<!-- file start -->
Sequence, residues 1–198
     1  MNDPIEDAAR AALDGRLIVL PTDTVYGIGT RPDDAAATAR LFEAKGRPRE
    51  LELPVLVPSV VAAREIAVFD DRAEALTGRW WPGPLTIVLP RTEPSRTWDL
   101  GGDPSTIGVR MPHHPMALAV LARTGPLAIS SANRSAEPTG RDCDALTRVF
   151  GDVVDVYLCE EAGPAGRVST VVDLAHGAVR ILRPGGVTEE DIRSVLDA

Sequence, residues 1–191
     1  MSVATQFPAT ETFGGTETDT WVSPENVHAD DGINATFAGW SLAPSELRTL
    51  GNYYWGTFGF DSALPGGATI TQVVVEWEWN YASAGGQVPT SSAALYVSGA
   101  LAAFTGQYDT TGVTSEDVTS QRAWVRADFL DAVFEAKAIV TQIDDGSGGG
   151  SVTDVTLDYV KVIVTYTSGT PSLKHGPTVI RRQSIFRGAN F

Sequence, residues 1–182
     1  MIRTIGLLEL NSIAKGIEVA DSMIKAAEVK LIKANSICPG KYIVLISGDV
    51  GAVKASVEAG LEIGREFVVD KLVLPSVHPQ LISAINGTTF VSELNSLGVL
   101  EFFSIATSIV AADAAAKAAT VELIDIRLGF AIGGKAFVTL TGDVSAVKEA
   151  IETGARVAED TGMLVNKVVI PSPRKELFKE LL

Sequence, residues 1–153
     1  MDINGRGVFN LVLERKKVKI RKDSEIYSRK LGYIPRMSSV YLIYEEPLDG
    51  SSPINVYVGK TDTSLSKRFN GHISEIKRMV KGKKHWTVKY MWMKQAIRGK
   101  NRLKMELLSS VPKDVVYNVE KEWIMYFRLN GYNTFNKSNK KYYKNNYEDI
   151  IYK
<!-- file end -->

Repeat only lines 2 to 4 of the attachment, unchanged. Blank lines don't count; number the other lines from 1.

     1  MNDPIEDAAR AALDGRLIVL PTDTVYGIGT RPDDAAATAR LFEAKGRPRE
    51  LELPVLVPSV VAAREIAVFD DRAEALTGRW WPGPLTIVLP RTEPSRTWDL
   101  GGDPSTIGVR MPHHPMALAV LARTGPLAIS SANRSAEPTG RDCDALTRVF